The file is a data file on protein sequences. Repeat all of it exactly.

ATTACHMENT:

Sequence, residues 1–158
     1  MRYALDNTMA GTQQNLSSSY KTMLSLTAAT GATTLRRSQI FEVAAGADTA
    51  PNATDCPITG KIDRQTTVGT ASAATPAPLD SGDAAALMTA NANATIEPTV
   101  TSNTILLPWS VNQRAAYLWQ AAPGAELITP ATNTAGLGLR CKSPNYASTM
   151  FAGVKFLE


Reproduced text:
Sequence, residues 1–158
     1  MRYALDNTMA GTQQNLSSSY KTMLSLTAAT GATTLRRSQI FEVAAGADTA
    51  PNATDCPITG KIDRQTTVGT ASAATPAPLD SGDAAALMTA NANATIEPTV
   101  TSNTILLPWS VNQRAAYLWQ AAPGAELITP ATNTAGLGLR CKSPNYASTM
   151  FAGVKFLE